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TORONTO – Three days after Pope John Paul threatened to punish those who dissent from official church teachings, an order of North American nuns openly urged each other to support women’s ordination even if it means being kicked out of the Roman Catholic Church.
“We can’t allow to have ourselves silenced,” said sister Jane McDonnell, general leader of the Institute of the Blessed Virgin Mary, also known as the Loretto Sisters. “This is a moment of decision for those who have been waffling. This is an epiphany. We have to speak out. And I know that means we’re going to enter into a martyrdom.”
Known as one of the most liberal Catholic orders, the Loretto Sisters met here this summer to celebrate the group’s 150 years on this continent and to discuss what causes they would support. About 350 nuns, affiliates and friends spent the two days listening to two feminists: one an American professor of Catholicism and the other a Canadian political activist.
The conference opened with Sister Miriam Therese Winters, a professor of religion and feminist studies at the Hartford Seminary in Connecticut and a member of the Medical Mission Sisters. “I’m pushing for more women to be ordained,” she told the audience. “We need to raise awareness that certain people don’t have all the truth or all the answers.”
A week before the conference, the pope called for “just punishment” for those who openly disagree on such issues as euthanasia, premarital sex and the ordination of women to the Catholic priesthood. The punishment could range from a warning to excommunication.
Winters said the new rule is unenforceable because so many disagree with the church’s refusal to ordain women. The majority of American Catholics have supported women’s ordination, according to national polls taken over the past 30 years.
In a talk that encouraged the women to call God “Sofia,” Winters urged the sisters to “stand together so as not to be eliminated one by one.” She said women’s ordination is a small part of what feminists in the church are asking from church officials. It’s not just about being in decision-making positions, she said, but also about a chance to bring a female perspective that is concerned with justice for the poor and the oppressed.
“I know the pope is an intelligent man, so why would he keep alienating people like this?” asked Sister Judy Kidd, a 62-year-old retired Catholic schoolteacher who lives in Toronto.
Some sisters said the ruling could unite people, even those who aren’t in favor of women priests, on the ground that the pope is trying to suppress a sacred belief to many Americans and Canadians: freedom of thought and speech.
Sister Eleanor Holland, an administrator at the Catholic Theological Union in Chicago and the order’s former general leader, said the pope’s proclamation will have a chilling effect on Catholics.
“For several years, I’ve stopped reading papal documents,” said Sister Caroline Dawson, one of the top five leaders of the order. “To me, they’re irrelevant and painful. I know people see this as a white, North American women’s issue. They tell us we’re overeducated. It takes courage if you’re going to be a woman of integrity, justice and freedom in this church.”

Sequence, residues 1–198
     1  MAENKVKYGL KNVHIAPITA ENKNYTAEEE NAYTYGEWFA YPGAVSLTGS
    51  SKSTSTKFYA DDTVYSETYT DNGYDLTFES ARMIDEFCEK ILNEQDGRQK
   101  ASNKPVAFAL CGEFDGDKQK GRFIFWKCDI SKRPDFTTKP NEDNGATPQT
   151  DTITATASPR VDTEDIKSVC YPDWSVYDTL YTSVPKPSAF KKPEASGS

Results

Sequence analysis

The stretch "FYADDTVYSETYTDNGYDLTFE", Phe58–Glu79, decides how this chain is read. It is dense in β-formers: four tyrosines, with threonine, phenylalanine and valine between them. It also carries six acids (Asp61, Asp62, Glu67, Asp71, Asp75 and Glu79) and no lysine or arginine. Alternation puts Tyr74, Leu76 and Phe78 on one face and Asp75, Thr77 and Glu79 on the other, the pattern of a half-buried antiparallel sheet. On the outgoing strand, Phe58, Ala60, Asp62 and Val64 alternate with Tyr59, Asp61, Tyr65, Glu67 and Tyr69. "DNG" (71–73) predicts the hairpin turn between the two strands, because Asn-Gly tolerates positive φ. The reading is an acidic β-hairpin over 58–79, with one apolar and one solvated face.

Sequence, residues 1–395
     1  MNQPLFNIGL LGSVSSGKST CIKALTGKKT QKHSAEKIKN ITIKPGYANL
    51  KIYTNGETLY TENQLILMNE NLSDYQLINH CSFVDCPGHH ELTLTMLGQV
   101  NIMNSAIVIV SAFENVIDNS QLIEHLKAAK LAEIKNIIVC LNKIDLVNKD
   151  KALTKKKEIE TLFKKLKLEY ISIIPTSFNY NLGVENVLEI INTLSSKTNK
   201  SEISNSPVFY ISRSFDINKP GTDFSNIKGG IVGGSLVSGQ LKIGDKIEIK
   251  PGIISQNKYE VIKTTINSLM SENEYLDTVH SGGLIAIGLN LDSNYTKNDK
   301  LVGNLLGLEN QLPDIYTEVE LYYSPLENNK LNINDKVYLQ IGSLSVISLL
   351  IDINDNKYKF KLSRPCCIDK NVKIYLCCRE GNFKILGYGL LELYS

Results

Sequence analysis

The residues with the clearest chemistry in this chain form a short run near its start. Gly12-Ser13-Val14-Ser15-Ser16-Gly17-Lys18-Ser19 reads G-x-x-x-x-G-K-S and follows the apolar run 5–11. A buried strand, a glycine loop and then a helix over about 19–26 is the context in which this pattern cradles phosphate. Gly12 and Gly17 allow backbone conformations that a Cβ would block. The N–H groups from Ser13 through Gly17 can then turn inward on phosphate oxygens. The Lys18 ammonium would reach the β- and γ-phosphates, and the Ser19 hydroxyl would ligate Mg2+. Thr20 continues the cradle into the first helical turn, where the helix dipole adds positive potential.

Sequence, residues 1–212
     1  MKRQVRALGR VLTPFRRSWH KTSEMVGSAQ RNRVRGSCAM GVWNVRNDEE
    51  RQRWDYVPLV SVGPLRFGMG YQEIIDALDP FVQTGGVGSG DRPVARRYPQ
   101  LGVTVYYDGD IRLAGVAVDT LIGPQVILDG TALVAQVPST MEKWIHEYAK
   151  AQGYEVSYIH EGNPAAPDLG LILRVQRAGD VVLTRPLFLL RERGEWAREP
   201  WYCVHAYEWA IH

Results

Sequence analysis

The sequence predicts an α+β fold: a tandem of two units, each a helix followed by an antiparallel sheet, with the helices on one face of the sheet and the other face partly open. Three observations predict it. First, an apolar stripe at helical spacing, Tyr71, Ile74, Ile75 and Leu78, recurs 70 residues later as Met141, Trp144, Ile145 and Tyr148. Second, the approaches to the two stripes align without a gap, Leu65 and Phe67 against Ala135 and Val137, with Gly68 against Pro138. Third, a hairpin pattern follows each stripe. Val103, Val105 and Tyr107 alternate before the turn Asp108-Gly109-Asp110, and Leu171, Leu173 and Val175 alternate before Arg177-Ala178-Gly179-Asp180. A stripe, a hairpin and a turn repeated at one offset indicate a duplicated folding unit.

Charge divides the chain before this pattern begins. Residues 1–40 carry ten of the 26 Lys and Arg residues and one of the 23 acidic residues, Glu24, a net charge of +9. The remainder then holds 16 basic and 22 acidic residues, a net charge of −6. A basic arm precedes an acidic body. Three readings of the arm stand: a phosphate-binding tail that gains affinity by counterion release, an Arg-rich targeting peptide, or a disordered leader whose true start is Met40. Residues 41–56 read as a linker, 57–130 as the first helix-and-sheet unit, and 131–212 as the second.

At the conference, the women were encouraged to brainstorm together what each could do to show support for women’s equality in the church. “I say we all go on strike and see what happens in the schools and the parishes,” said Sister Josepha Brown, of Toronto.
The Loretto Sisters needn’t look far for inspiration. Their order’s founder, Englishwoman Mary Ward, was thrown in prison and excommunicated in the 17th century because the bishops found her ideas regarding women “heretical.” She was called “a noxious weed” and “a rebel to the Holy Mother.” Ward said that women could do as much as men, that religious women shouldn’t be closed up in convents and should be able to rule themselves, as opposed to being ruled by the church’s bishops. All those ideas were against church rules at the time.
With branches in Ireland and Europe, the sisters established the North American branch in Toronto in 1847 to educate the children of Irish immigrants. Over the years, they have moved into more diverse ministries that include justice for women and children, women’s equality, feminist spirituality, and ecology. The North American branch has more than 100 affiliates and about 240 sisters in the United States, Canada, Bolivia, South Africa, and the West Indies.
“We take risks, in our better moments,” said general leader McDonell. “We speak out when we see an injustice and definitely when it involves women and equality and women in the church.”
McDonell and other Loretto Sisters don’t fear reprisals by the Vatican, because they said the pope has been trying for years to stifle those who speak out on what the Vatican considers liberal issues. The women said that each time the Vatican makes a statement on women’s ordination and calls its ruling “definitive,” another proclamation always follows.
©1998 Cheryl Reed
Cheryl Reed is a freelance writer based in Minneapolis who is studying contemporary issues in the Catholic Church. A version of this piece also appeared in the Minneapolis Star-Tribune.